But on closer examination, Lautenberg's bill makes sense -- and the senator obviously had future attorneys general in mind when he wrote it. A 2005 study by the Government Accountability Office found that 35 of 44 firearm purchase attempts over a five-month period made by known or suspected terrorists were approved by the federal law-enforcement officials.

Current law requires gun dealers to conduct a criminal background check and deny sales if a gun purchaser falls under a specified prohibition, including a felony conviction, domestic abuse conviction or illegal immigration. But there is no legal basis to deny a sale if a purchaser is on a terrorism watch list.

Admittedly, the terrorism watch list being maintained by the Bush administration is top secret -- and undoubtedly contains many glaring errors of fact. "As many of our friends in law enforcement have rightly pointed out, the word 'suspect' has no legal meaning, particularly when it comes to denying constitutional liberties," Cox wrote.

But for people on the terror watch list to be allowed to purchase firearms -- even if they're on the watch list erroneously -- places too high a risk to our nation's security. There's simply no way to know with absolute certainty if such a purchaser has plans to pull off another 9/11-style terrorist attack, or worse.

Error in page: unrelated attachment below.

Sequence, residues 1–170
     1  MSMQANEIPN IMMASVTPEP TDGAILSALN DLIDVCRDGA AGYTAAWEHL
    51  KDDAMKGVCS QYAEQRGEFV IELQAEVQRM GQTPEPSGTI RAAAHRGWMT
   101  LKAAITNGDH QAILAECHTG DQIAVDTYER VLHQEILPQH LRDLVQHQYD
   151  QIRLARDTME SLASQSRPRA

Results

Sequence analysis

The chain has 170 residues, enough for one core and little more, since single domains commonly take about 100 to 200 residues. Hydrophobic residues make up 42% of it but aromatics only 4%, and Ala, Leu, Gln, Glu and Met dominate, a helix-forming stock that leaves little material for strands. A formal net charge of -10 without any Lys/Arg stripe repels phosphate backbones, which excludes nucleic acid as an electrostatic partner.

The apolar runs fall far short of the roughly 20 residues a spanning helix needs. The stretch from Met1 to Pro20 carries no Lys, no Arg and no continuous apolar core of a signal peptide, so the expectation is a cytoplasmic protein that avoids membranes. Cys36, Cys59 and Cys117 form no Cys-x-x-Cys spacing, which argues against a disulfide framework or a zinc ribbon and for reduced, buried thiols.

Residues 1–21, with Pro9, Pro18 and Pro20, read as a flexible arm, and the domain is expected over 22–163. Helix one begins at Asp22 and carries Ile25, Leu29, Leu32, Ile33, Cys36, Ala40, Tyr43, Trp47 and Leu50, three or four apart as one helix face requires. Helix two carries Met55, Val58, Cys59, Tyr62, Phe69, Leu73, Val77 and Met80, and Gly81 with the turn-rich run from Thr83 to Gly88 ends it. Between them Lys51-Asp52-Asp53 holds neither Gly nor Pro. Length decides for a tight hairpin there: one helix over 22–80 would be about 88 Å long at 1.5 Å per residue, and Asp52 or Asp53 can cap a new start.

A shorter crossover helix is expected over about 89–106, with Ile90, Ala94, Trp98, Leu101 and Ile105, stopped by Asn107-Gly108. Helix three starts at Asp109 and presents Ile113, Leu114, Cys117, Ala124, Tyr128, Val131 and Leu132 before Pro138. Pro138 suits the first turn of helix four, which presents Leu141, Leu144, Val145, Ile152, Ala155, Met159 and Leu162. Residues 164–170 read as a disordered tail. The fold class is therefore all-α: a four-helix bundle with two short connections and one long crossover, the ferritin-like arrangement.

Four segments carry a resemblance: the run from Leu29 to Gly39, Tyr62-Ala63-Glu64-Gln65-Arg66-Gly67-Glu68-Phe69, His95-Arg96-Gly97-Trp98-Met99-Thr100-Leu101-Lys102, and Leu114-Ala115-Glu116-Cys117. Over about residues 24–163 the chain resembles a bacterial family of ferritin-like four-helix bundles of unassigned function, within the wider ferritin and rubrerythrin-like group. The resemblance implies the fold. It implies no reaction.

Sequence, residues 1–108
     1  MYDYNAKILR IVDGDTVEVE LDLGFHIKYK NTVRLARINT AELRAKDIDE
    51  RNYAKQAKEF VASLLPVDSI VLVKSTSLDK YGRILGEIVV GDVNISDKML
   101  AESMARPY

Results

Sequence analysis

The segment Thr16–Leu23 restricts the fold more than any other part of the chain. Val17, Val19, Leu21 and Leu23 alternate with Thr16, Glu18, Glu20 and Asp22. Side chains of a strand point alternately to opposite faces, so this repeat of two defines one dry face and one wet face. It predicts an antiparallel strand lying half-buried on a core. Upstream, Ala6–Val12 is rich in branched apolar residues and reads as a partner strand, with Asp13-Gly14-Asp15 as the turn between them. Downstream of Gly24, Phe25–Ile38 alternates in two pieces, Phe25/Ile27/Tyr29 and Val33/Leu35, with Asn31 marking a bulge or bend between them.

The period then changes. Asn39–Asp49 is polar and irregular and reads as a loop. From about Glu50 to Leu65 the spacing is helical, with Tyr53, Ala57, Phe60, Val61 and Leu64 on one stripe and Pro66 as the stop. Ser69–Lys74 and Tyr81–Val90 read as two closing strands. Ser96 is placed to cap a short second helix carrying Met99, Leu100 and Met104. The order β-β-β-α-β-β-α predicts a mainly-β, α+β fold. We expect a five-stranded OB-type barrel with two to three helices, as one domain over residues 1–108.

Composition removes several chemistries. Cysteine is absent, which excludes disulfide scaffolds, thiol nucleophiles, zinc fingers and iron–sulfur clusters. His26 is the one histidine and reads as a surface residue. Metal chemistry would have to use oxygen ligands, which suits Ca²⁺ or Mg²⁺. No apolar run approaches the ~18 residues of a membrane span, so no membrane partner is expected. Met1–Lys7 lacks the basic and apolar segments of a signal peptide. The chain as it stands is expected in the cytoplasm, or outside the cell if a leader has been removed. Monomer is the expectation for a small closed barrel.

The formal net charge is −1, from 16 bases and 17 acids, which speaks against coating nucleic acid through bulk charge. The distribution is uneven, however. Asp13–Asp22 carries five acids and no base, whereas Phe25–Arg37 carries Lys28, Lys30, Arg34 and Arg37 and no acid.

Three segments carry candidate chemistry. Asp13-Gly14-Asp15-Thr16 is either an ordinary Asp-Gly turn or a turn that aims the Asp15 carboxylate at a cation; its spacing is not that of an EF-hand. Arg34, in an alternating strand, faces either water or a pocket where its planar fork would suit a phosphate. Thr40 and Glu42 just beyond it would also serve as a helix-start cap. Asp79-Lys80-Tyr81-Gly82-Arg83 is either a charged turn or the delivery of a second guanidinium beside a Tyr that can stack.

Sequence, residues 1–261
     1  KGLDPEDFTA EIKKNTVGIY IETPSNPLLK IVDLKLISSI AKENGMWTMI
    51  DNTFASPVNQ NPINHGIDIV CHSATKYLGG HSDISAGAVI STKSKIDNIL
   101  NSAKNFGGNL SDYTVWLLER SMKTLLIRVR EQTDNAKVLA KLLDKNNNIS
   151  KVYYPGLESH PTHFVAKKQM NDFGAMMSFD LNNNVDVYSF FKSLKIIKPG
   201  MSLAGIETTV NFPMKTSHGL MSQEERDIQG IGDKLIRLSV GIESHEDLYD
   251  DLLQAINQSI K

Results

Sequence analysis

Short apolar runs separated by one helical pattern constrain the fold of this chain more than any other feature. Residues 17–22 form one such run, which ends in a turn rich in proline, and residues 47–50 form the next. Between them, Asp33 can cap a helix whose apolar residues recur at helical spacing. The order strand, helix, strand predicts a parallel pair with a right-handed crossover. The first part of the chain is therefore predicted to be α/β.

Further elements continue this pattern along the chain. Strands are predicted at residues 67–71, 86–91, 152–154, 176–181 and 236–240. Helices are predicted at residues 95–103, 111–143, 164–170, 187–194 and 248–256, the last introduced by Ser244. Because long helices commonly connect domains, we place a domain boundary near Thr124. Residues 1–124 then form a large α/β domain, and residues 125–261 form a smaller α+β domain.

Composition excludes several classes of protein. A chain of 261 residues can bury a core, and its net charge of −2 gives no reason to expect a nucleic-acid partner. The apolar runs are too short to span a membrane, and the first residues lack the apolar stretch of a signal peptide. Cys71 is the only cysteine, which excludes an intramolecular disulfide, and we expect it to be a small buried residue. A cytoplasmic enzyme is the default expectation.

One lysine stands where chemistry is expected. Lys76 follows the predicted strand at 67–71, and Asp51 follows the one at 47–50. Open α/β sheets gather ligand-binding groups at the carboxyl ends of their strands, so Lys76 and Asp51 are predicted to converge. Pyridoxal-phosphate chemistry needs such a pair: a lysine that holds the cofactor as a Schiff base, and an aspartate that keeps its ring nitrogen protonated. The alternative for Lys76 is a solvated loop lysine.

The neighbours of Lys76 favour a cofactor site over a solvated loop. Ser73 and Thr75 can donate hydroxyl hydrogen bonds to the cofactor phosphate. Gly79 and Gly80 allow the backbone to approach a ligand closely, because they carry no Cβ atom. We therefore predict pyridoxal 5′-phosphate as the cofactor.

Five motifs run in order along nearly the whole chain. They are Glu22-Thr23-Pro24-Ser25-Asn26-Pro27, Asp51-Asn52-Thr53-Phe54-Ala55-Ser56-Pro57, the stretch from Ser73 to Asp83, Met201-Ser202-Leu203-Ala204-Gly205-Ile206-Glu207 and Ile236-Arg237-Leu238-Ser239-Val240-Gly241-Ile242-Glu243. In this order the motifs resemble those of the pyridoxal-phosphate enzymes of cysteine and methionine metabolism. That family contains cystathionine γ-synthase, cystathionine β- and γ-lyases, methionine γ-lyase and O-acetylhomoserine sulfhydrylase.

And what about psychos like Cho Seung-Hui or the Columbine High School killers, Eric Harris and Dylan Klebold?

At Last, A 'Common-Sense' Alternative to the NRA

The NRA's Second Amendment extremism has alienated so many law-abiding gun owners that there is now a rival organization -- the American Hunters and Shooters Association -- that aims to serve as the advocacy group for the hunters and sport shooters that the NRA used to be, but isn't anymore.

Founded in 2005, the AHSA's mission is to "restore pride in America's hunting and shooting heritage," according to the AHSA's Web site. "The AHSA vigorously defends the constitutional right to keep and bear arms, promotes safe and responsible gun use, and supports reasonable public policies, so that all Americans can enjoy the benefits of this crucial and historic liberty."

In a slap at the NRA, the AHSA argues that, "No constitutional right to bear arms exists for criminals, terrorists, or others who seek to abuse the very freedoms our Constitution guarantees. The law is crystal clear on this point: reasonable laws designed to keep guns out of the wrong hands are entirely consistent with the Second Amendment."